Say you've been a prudent retirement saver, and you're approaching age 70. You'll soon have to begin taking minimum distributions from your IRA or 401(k), but your other investments are giving you all the income you need. You'd rather not drain your IRA, because you worry about running short when you're older and health costs increase.
Is there anything you can do?
Since 2014, you have been able to purchase a qualified longevity annuity contract. This product, abbreviated as QLAC and pronounced "cue-lack," was approved by the IRS then to allow savers to defer distributions from a portion of their assets in IRAs or employer-sponsored qualified plans until as late as age 85.
QLACs essentially provide a way to customize minimum required distributions, which otherwise automatically begin at age 70.5. They can help reduce current taxes, since savers don't have to pay taxes on withdrawals from a QLAC until later. And they can reassure savers who worry that Social Security won't be enough to cover late-life healthcare costs.
The IRS places some significant limitations on QLACs. For one thing, once you put money into a QLAC, you can't change your mind. "The purchase is irrevocable," explains Bill Johnson, president of Fidelity Investments Life Insurance.
For another, you can't put your whole IRA into a QLAC. For individuals, the cap is $125,000, or 25% of IRA or qualified plan assets, whichever is smaller. Married couples have a cap of $250,000.
Also, a QLAC's ability to save on taxes long-term is not guaranteed. Once withdrawals from the QLAC begin, they will be larger than if they'd started at age 70.5. So that means the later tax bill could actually be higher.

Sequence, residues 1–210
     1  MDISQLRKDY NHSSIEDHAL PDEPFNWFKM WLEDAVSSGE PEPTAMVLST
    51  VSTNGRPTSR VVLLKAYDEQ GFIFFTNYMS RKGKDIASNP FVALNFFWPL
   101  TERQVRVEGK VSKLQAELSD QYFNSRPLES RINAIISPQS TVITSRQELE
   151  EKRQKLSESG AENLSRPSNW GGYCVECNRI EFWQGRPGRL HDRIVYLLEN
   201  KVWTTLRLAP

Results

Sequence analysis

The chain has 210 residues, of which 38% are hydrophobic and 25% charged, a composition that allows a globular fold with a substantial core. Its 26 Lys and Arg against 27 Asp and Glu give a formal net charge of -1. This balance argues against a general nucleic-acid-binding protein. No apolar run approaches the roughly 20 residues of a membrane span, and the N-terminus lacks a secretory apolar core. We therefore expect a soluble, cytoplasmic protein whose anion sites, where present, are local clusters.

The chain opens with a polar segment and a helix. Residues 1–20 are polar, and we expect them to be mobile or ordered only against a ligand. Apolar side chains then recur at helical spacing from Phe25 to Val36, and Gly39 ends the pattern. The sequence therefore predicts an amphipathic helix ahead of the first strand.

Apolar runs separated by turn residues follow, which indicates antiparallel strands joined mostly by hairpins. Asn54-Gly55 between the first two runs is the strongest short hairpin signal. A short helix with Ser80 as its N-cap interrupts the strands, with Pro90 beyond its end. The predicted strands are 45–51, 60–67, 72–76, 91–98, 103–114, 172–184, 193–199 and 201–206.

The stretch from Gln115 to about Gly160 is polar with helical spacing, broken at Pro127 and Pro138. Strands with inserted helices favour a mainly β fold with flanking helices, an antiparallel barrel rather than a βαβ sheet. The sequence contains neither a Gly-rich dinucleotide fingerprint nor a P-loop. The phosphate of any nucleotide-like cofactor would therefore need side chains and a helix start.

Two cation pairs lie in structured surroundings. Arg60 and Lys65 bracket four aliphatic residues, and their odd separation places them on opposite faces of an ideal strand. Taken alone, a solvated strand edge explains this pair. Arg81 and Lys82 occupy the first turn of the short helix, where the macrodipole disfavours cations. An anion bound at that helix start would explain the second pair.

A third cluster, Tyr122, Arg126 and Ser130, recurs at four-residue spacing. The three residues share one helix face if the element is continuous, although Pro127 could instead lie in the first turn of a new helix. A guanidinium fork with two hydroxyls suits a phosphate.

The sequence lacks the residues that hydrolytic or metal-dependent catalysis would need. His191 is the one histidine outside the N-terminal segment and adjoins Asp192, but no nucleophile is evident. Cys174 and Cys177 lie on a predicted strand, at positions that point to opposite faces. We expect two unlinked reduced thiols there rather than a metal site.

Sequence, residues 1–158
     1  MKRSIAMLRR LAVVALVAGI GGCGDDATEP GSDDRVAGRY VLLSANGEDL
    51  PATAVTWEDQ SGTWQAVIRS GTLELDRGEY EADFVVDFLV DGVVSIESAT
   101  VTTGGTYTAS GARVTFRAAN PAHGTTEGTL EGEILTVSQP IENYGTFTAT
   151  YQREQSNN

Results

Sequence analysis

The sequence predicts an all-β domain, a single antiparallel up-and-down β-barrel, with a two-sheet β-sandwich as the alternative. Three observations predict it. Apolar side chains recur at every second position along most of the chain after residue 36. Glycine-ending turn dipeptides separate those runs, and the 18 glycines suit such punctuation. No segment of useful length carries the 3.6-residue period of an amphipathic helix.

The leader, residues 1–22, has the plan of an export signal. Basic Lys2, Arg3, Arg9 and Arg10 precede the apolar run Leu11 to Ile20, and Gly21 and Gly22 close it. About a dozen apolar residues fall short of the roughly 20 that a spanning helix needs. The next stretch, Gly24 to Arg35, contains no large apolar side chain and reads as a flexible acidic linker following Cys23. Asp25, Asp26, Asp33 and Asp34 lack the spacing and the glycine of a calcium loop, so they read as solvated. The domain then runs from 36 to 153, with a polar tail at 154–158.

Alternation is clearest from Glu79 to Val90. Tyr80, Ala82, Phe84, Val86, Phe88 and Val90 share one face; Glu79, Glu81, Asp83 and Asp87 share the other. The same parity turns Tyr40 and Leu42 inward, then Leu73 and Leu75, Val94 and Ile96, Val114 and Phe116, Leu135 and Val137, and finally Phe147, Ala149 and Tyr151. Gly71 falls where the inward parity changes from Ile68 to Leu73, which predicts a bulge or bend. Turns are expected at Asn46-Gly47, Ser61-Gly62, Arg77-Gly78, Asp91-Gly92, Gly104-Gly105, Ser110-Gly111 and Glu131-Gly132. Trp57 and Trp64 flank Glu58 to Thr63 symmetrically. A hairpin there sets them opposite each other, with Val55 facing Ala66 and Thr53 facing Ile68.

Also, you can't defer payments forever. Age 85 is the latest you can wait before beginning distributions from a QLAC. And most don't specify waiting even that long to start taking distributions, Johnson adds, taking them beginning at 80 or even 75.
The reason people don't wait until the maximum age is that you need to live long enough to make the QLAC pay off, says Katherine Kraeblen, a certified financial planner with The PNC Financial Services Group in Raleigh, N.C. "You don't want to die too soon so that you don't get the money back," she says.
For that reason, longevity calculations are an essential starting point for any QLAC purchase decision, Kraeblen says. Before buying a QLAC, savers need to examine longevity in their family and their own health. A typical 65-year-old man has a 50% chance of living to 85, according to Fidelity, but this will vary by individuals.
QLACs are generally purchased by people nearing age 70, although some customers past that age and a few in their early 60s also purchase them, Johnson says. While $125,000 is the individual maximum, Fidelity sells QLACs as small as $10,000. The company provided a quote showing that a 70-year-old male purchaser of a $125,000 annuity deferring payments until age 85 would receive $3,563 per month.
QLACs are still new enough that not many are using them, Johnson says. However, if average retirement ages creep up closer to 70, more people will invest in QLACs, he adds.
People who work past age 70 represent one group likely to want to avoid taking money out of an IRA to pay current bills, while making sure they will have it later on. For them, a QLAC could be a solution. "In effect," says Kraeblen, "you're taking your IRA and deferring it a big longer."